In the early 1980s, Wally Conron, head breeder of the Royal Guide Dog Association of Australia, was asked about an allergy-free guide dog. Not being able to find one, he created the Australian Labradoodle, a cross between a standard poodle and a Labrador retriever.
Beginning in the late 1980s, the original Australian Labradoodles were crossbred with other breeds such as the Irish water spaniel, American cocker spaniel, English cocker spaniel and curly coat retriever. This has improved the Australian Labradoodle's temperament, size, coat and conformation.
Miniature Australian Labradoodles have a height of 14 to 17 inches and a weight between 30 and 50 pounds. Their life expectancy is 13 to 15 years. The health problems common to the breed are hip dysplasia, progressive retinal atrophy, and elbow and patella disorders.
Australian Labradoodles have well-formed muscles, a broad head, wide-set eyes, square nose, ears that lay flat against the head and tails set either low or high. The coat--which comes in three types: wool, fleece and hair--is 4 to 6 inches long and may be wavy, straight or mildly spiraled. The variety of coat colors includes black, gold, chocolate, cream, chalk, red, blue and silver. Most Australian Labradoodles shed little to no hair and are considered hypoallergenic.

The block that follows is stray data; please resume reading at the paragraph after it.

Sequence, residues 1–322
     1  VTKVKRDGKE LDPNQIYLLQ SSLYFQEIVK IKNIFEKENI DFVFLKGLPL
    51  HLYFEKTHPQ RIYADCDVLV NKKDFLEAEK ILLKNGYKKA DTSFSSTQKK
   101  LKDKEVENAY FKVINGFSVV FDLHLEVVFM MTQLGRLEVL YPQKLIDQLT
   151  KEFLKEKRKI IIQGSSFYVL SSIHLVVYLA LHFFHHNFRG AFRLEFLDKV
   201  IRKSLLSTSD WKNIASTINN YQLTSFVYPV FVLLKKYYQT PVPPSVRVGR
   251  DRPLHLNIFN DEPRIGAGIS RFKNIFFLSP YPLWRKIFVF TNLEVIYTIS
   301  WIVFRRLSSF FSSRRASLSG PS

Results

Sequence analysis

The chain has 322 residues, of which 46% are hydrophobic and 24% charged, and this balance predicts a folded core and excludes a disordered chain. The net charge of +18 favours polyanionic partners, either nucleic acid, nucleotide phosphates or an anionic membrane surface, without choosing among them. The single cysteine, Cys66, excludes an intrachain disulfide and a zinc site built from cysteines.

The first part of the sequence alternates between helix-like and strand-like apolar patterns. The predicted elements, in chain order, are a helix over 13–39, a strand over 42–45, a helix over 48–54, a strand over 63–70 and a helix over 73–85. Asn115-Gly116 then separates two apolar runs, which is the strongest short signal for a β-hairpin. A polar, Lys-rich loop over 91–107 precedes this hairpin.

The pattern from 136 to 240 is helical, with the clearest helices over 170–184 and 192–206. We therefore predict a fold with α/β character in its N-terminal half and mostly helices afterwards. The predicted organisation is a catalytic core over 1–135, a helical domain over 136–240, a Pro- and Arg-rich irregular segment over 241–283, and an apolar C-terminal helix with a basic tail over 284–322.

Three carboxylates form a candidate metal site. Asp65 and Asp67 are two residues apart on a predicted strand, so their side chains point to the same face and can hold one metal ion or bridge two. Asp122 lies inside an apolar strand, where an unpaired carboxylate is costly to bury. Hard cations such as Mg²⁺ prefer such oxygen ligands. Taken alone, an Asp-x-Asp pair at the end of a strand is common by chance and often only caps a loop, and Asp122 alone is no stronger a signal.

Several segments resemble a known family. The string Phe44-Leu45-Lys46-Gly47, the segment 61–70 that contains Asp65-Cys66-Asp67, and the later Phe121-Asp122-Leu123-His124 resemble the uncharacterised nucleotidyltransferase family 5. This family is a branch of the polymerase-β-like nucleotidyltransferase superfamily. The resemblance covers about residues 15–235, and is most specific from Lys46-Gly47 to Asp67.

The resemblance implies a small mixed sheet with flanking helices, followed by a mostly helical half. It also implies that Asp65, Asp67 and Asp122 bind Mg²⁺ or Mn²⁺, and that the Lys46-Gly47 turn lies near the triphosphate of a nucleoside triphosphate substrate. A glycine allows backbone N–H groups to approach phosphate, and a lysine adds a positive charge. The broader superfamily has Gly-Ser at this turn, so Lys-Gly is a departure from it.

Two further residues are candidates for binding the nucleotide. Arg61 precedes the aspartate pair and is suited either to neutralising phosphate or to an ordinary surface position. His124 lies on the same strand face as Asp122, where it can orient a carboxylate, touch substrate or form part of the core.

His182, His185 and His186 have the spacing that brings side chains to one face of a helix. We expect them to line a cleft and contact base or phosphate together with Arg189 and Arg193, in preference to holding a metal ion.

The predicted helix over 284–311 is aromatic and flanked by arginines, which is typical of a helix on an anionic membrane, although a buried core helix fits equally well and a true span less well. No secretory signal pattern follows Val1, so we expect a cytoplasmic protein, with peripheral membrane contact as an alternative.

These dogs are intelligent, easily trained, friendly, sociable, joyful, non-aggressive, active and loyal. Bred to be a companion and guide dog, Australian Labradoodles are good with children and other dogs.
Australian Labradoodles need a lot of exercise. Long daily walks are suggested, as well as human/dog playtime. They love water and fetch-and-retrieve games. They excel at learning new tricks and have strong agility capabilities.
Australian Labradoodles obedience train easily with a firm but gentle hand. They should be socialized early and disciplined appropriately. If untrained, an Australian Labradoodle will try to outsmart its owner.